Katie O’Brien is adjunct lecturer and online curriculum specialist in the Center for Latin American Studies. Dr. O’Brien designs, builds, and teaches courses in a variety of modalities, including online and face-to-face. She strives to create multi-media learning experiences that are transformative, inclusive, and interactive. She teaches Tier 1 general education courses in Latin American Studies and anthropology as well as courses on the topics of religion, gender, feminism, development, and race/racism. Prior to joining the Center in 2016, she taught anthropology at Pima Community College and the University of Illinois, as well as English at the University of Costa Rica in San José, Costa Rica.
Dr. O’Brien is project coordinator for the Study of the United States Institute (SUSI) on Women's Leadership. Held biannually, this academic program brings Indigenous and Black college students from across Latin America to the Center for Latin American Studies to study U.S. women’s history and engage in local service learning projects for five weeks. In addition to coordinating programming and logistics, Dr. O’Brien delivers workshops on comparative U.S.-Latin American feminisms and facilitates the online course.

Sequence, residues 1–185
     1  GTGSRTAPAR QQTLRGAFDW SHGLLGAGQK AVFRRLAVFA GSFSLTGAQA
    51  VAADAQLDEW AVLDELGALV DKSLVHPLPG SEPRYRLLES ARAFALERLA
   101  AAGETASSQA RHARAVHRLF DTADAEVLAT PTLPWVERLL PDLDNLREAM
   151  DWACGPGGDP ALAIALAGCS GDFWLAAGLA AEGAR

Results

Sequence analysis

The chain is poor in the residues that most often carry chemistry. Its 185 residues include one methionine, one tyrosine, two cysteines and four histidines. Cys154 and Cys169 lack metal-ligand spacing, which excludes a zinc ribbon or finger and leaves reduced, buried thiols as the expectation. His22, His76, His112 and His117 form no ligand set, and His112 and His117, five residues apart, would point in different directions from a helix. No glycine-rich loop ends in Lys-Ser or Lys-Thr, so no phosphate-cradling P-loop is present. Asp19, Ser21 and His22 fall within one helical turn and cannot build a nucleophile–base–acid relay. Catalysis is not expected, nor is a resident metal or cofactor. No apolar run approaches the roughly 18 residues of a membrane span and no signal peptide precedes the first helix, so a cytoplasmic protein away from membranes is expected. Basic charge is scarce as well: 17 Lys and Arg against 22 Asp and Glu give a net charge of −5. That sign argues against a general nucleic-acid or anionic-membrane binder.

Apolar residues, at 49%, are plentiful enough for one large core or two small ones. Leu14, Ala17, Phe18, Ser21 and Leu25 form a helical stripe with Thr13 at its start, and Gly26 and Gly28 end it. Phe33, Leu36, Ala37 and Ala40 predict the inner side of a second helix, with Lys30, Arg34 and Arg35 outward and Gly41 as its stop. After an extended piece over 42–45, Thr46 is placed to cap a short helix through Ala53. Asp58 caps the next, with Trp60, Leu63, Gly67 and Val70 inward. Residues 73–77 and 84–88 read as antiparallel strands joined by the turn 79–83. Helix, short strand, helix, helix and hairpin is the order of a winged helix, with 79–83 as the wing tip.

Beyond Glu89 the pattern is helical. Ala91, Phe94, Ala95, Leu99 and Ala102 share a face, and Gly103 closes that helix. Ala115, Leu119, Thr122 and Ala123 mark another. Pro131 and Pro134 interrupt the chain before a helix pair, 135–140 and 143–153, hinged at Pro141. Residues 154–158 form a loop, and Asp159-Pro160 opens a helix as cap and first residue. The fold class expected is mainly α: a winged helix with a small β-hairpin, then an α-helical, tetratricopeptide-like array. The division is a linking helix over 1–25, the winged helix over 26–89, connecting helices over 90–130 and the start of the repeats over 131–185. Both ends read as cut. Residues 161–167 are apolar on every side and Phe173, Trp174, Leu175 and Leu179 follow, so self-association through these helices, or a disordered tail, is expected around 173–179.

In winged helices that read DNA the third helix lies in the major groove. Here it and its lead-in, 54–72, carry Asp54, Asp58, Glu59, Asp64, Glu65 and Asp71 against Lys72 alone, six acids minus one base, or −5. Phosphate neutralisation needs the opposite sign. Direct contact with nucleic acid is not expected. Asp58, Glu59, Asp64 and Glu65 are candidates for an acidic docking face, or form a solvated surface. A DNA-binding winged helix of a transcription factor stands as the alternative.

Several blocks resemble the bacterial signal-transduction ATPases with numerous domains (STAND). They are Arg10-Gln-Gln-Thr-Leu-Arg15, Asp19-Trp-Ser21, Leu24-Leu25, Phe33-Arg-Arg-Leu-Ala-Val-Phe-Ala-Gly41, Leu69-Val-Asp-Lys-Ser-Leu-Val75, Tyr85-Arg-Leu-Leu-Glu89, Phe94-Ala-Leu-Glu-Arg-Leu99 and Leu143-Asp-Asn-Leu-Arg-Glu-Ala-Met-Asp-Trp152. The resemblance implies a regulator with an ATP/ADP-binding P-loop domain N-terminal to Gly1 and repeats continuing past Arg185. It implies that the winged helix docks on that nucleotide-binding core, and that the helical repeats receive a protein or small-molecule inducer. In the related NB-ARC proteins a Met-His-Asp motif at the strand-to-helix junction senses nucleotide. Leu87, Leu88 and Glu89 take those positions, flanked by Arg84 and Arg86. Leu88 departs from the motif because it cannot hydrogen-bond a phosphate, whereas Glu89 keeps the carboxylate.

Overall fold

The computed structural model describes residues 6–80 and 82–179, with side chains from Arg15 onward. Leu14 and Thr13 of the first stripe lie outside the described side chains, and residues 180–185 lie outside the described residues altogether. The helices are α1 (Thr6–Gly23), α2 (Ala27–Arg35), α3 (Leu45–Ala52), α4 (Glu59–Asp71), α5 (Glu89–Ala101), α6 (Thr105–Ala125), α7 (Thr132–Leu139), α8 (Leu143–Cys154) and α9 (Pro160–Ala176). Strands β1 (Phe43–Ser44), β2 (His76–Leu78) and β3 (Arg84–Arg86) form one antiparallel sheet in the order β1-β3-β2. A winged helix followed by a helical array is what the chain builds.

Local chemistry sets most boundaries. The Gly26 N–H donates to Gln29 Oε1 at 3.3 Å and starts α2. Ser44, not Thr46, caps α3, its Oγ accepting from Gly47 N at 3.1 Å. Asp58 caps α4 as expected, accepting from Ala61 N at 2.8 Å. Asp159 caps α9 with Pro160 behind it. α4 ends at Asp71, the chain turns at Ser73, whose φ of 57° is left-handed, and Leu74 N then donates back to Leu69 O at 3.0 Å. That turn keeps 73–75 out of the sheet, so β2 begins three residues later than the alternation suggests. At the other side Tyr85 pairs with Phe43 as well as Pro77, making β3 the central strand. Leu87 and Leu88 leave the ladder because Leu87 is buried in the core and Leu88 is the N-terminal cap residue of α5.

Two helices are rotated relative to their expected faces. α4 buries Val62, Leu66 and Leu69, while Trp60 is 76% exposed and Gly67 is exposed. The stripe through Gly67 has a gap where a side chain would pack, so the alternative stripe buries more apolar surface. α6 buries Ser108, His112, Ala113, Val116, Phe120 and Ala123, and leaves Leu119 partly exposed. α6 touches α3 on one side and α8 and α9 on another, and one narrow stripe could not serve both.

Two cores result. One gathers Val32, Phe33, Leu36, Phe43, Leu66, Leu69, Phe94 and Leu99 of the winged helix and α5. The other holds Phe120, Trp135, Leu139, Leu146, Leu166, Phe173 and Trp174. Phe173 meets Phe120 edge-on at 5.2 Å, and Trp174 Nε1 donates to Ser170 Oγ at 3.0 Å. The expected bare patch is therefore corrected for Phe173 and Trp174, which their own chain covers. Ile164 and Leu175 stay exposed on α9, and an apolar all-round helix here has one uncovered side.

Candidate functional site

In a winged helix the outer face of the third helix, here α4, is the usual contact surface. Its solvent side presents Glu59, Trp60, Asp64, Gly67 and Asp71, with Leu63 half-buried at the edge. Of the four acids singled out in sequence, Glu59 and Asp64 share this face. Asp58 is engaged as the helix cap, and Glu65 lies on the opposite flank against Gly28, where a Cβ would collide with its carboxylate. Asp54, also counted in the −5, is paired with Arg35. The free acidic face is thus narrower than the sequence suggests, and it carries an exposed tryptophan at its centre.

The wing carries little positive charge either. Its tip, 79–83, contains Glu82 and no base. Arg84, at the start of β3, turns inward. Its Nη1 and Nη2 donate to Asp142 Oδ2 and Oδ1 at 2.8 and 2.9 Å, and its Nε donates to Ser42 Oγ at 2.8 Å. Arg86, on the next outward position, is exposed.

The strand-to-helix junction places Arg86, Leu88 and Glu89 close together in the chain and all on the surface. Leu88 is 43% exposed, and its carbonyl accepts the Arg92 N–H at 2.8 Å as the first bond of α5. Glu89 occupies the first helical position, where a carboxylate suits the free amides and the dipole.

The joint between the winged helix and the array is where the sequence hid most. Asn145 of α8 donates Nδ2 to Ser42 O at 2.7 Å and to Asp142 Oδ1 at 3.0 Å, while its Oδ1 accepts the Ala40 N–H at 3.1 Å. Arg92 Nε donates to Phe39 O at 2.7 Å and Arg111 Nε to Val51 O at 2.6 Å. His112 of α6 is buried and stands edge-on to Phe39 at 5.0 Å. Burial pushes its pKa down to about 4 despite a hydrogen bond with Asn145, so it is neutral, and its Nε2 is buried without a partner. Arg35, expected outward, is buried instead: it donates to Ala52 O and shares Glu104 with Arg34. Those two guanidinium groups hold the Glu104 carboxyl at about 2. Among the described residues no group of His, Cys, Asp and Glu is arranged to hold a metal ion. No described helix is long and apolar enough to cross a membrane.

Dr. O'Brien holds a Ph.D. in Anthropology from the University of Illinois, Urbana-Champaign and a Master of Arts degree in Latin American Studies from the University of Arizona. Her research explores how religious identity intersects with the dynamics of generation and gender in the long-term aftermath of conversion in the Ecuadorian Andes. Her doctoral dissertation is based on fifteen months of ethnographic fieldwork conducted in Chimborazo Province, the site of a mass conversion of Kichwa-speaking indigenous peoples from Catholicism to evangelical Protestantism in the 1960s and 1970s. Dr. O’Brien has received funding from the Social Science Research Council to conduct research as well as Foreign Language Area Studies Fellowships to study Quechua. She has presented her research at numerous academic conferences, including the annual meetings of the Latin American Studies Association and the American Anthropological Association.